Tip: Try to get Castile if they’re available, as their armada can keep the Aragonese navy busy. In theory, England’s better at that. But their AI is unreliable in ferrying troops from Britain to mainland Europe.

You can also ask for extra support from Aragon’s other enemies as well. More allies is always welcome, and they can help you win faster. This is especially true if Aragon’s got strong allies of their own.

Just know that your supporters expect to gain land from the war, especially if you’re annexing Sicily.

Since you’ll be the war leader, you get to decide the peace terms.

If you don’t award provinces to your supporters, they’ll lose trust in you. This loss is proportional to their war participation.

Consider that if you’re planning to rely on them in the future. That’s because you’ll continue to be allies when you’ve gained independence.

Allies with low trust aren’t as likely to join your wars. They may even break off your alliance.

If that matters to you, then give them some of Aragon’s provinces to appease them. If you don’t need their alliance later on, then you can take as much of Aragon’s lands for yourself.

Open Castile’s Diplomacy view to ask them to support your independence / EU4
Open Castile’s Diplomacy view to ask them to support your independence

War Against Aragon

I. Invading Sicily

When you’re satisfied with your supporting cast, go ahead and declare war on Aragon. Set Messina as your war goal.

Your allies can do most of the heavy fighting.

They’ll take care of besieging the Aragonese mainland.

Meanwhile, your own army should focus on occupying all of Sicily.

Your biggest obstacle in this is the Aragonese navy.

Their ships can sometimes block the crossing between Messina and Calabria. It’s a direct path that connects your provinces to Sicily. It’s also the safest way to the island, as a naval landing would risk interception from Aragon.

An army can cross over to Sicily via Calabria without needing boats / EU4
An army can cross over to Sicily via Calabria without needing boats

In most cases, a couple of enemy trade ships are the cause of the blockage.

You can order your fleet to destroy those. But if it’s the main Aragon armada, you’ll have to wait until they go away.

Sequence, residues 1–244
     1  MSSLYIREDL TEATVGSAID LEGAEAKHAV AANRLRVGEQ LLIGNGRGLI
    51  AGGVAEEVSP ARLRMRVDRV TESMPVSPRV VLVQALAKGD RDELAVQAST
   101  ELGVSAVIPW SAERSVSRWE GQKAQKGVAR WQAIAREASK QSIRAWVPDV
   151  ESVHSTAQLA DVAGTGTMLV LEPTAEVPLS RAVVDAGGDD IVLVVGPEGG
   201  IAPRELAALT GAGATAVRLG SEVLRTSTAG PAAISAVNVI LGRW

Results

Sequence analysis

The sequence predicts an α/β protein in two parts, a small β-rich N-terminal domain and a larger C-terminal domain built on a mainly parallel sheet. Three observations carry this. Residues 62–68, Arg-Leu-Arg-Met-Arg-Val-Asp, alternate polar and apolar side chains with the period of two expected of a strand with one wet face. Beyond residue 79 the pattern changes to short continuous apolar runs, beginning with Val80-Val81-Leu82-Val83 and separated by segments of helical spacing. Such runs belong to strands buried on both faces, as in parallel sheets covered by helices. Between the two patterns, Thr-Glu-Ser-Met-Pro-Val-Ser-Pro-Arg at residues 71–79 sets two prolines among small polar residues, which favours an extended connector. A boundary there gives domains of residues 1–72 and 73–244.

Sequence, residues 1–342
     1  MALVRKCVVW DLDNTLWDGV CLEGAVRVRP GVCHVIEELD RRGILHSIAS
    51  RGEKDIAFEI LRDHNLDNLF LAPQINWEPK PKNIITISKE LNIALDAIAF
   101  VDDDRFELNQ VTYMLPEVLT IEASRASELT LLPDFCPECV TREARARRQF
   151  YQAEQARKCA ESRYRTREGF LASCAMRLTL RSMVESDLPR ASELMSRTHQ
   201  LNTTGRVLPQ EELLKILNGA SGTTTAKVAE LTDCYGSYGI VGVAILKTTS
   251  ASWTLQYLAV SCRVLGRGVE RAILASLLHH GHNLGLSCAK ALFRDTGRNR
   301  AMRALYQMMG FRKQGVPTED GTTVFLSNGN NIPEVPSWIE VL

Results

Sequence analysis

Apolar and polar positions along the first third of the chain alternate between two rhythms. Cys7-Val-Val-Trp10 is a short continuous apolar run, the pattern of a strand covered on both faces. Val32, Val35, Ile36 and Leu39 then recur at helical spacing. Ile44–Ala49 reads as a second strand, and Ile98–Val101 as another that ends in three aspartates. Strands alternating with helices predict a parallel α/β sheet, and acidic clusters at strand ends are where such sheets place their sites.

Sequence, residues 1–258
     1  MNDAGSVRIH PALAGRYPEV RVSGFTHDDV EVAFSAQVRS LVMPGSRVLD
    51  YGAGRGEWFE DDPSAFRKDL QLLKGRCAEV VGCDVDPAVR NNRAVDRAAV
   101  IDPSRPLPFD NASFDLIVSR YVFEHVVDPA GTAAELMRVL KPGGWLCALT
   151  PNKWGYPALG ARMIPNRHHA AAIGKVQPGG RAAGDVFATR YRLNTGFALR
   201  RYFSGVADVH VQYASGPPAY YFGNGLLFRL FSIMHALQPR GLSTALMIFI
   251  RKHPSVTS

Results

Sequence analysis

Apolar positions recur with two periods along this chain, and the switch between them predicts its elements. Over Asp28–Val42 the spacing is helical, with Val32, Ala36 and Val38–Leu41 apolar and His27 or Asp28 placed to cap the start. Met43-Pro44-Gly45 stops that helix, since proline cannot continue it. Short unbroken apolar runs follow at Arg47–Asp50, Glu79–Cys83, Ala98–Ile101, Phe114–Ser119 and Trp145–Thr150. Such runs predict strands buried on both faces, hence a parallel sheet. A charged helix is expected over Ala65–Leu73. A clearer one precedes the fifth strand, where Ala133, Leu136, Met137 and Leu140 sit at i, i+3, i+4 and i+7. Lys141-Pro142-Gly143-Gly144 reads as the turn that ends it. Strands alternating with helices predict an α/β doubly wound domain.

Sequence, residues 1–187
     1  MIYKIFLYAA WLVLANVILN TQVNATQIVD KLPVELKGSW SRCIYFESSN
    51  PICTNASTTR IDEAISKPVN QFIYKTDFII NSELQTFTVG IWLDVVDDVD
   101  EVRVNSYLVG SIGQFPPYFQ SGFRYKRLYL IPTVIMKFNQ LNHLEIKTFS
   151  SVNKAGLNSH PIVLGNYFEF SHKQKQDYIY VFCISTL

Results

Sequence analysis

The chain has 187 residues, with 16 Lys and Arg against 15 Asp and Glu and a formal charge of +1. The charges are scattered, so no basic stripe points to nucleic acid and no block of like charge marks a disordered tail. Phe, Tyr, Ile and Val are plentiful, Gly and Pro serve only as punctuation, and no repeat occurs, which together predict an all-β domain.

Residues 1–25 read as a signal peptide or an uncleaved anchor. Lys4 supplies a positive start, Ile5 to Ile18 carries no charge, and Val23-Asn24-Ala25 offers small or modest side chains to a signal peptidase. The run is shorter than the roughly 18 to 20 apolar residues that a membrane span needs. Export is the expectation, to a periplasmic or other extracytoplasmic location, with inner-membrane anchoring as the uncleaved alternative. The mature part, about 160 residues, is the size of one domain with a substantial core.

They usually won’t stay long if there are dangers lurking nearby, such as the Castilians.

So keep watching the strait. When you see the Aragonese heading out, move your army across and into Messina. There is a fort in that province, which means occupying it will take some time.

As soon as it falls, spread your soldiers out to gain control of the island.

II. Isolating Aragon

During your invasion of Sicily, keep checking on the state of the war in other places. If you see an Aragonese ally unable to continue fighting, peace them out.

A white peace is fine, as long as it removes them from the war.

III. Suing for Peace

Eventually, you’ll amass enough war score to demand for your independence.

But it’s better to wait until you can squeeze every peace offer value from the peace deal. You can annex Sicily, Sardinia, and two Balearic Islands with a 100 peace offer value.

Gaining independence, Sicily, and some extra provinces (light green) from winning the war / EU4
Gaining independence, Sicily, and some extra provinces (light green) from winning the war

Looking to the Future

With Sicily in your hands, you only have to wait for Admin Tech 10 to form the Two Sicilies.

You’ll get it around 1531, which is still almost a century away.

In the meantime, you can focus on growing your nation.

The Neapolitan missions give you expansion opportunities throughout the Mediterranean. You’ll also get four permanent modifiers from them. These missions are shared by Naples and the Two Sicilies. So your progress won’t be affected once you switch to the latter.

After you’ve united the Two Sicilies, the next step that you could do is to form Italy.

Historically, the Two Sicilies was a predecessor of a unified Italian nation. But it was annexed by Sardinia-Piedmont, who went on to rule as the Kingdom of Italy.

In your hands, perhaps the Two Sicilies can get that glory instead.

“Unite the Two Sicilies” in the Decisions and Policies tab / EU4
“Unite the Two Sicilies” in the Decisions and Policies tab
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Louie Nelson Zafico

As a frustrated otter who dreams of getting published, Louie instead wastes his life cuddling his cats. He spent his childhood playing Suikoden, grew up with Total War, and matured (somewhat) with EU4. He hopes to someday find a geopolitical JRPG with the 4X systems of a Paradox game.